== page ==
Bernese Mountain Dogs have a lot of grooming requirements and it doesn’t all stay attached to the dog. They shed a little bit all the time and a lot several times a year. You will need to brush your Bernese Mountain Dog quite often and bathe him periodically.
Some owners like to bath and groom their Bernese Mountain Dogs and others prefer to take them to a groomer. If you are the latter, you might want to price grooming in your area and factor that in when considering a Bernese Mountain Dog.
Every Bernese Mountain Dog owner will have their methods when it comes to dog grooming, and every professional groomer will have their way of doing things. So how does a new Bernese Mountain Dog owner decide which grooming process will work best? A good place to start is with your Bernese Mountain Dog breeder if you have one. They have likely been grooming their dogs for many years. They have knowledge and the grooming requirements.
Not all of Bernese Mountain Dogs have the same type of coat. Some may be silky, others coarse. Some are wavy, others stick-straight. All Bernese Mountain Dogs shed…and shed…and shed some more. With proper equipment and a regular grooming schedule, you will be able to stay ahead of the game.
1.How Should Bernese Mountain Dogs Be Groomed?
The Bernese Mountain Dog has a beutiful coat when cared for properly. One tip that was told to me early on is to brush from the tail to the head. It sounds strange but it works!
Although Bernese Mountain Dogs might look like they’re high maintenance dogs, with some regular effort on your part, the grooming process should be fairly straightforward. Be sure to have the right equipment on hand.
Here are the basic supplies that you will need, although your groomer may suggest additional tools:
- Brushes and combs
- Detangling dog shampoo
- Detangling spray
- Ear cleaner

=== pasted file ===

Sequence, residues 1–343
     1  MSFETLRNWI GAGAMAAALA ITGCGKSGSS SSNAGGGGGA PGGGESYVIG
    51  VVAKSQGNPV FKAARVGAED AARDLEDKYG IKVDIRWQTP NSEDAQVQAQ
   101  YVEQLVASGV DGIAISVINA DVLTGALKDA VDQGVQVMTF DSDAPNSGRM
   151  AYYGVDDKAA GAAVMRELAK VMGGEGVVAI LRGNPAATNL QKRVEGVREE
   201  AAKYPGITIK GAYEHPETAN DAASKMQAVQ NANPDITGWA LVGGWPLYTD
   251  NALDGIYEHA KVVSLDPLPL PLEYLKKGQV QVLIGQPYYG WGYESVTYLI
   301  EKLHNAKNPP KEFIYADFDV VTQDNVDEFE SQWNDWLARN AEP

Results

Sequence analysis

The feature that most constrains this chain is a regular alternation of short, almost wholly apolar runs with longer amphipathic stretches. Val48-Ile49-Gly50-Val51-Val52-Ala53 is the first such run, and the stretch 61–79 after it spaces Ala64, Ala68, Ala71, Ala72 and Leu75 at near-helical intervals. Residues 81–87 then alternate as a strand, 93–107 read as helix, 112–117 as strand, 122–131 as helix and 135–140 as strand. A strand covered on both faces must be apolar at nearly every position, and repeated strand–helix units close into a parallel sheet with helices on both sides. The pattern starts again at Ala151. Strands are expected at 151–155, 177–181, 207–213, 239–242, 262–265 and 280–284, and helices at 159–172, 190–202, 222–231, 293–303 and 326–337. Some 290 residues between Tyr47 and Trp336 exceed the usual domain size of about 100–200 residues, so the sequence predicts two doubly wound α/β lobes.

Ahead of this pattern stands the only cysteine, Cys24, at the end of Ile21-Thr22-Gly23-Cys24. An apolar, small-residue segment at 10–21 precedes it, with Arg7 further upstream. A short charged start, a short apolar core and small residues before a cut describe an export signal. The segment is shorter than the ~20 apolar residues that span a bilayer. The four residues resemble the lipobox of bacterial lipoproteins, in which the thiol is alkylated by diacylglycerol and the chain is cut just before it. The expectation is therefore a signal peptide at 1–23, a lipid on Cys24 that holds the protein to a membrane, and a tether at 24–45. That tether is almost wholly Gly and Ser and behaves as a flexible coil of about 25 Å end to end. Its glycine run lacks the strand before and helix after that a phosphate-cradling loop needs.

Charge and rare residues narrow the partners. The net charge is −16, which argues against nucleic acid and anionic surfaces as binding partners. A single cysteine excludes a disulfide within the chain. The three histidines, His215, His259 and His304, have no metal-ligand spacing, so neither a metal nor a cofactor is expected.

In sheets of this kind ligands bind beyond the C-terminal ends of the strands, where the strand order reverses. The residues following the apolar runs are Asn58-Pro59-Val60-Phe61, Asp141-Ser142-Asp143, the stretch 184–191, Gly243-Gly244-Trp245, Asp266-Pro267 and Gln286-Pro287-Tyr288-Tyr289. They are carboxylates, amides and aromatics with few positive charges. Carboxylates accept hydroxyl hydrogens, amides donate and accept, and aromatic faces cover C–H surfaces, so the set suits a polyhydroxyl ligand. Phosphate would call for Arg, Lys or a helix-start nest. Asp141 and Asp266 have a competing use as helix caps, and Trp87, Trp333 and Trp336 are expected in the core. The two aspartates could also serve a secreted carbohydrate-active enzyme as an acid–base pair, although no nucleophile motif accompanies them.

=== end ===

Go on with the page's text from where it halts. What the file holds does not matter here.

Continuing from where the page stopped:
- Cotton balls
- Dental cleaning supplies
- Nail clipper or Dremel grinder
- Styptic powder
- Cool air circulating or low-heat dryer
2. How Do You Bathe A Bernese Mountain Dog?
How Do You Bathe A Bernese Mountain Dog? If you are planning to bathe your Bernese Mountain Dog, brush him first. Tangles are much easier to remove when the dog is dry, and there will be less hair going down the tub’s drain. A thorough drying, with either absorbent towels or cool, dog-safe hair dryer, is essential.
Buy a blower. I have a powerful livestock blower. If you do not dry the Bernese Mountain Dog completely, he is prone to hotspots.
Bernese Mountain Dogs have dry skin, so it’s not recommended that you bathe your dog too frequently, once a month should be enough. Unless he’s been rolling in the mud or some other unseemly substance.
The Bernese Mountain Dogs have a double coats, so be diligent about giving your dog a thorough, deep brushing. Twice a week is optimal, but once a week session will suffice, as long as it’s done correctly. BMD shed constantly, but when the weather changes, shedding increase.
3. How Do You Groom A Bernese Mountain Dog’s Ears?
Pay careful attention to areas in and around your Bernese Mountain Dog ears. When wet, a Bernese Mountain Dog’s floppy ears can trap moisture inside, thus allowing for bacterial growth and potential ear infections.
Use cotton balls or a soft washcloth to carefully dry any water or dampness. Never use a cotton swab on your Bernese Mountain Dog ears. Even if you are not bathing your dog, check his ears during regular grooming sessions, and if you detect any odor, wetness, or redness, schedule an appointment with your vet.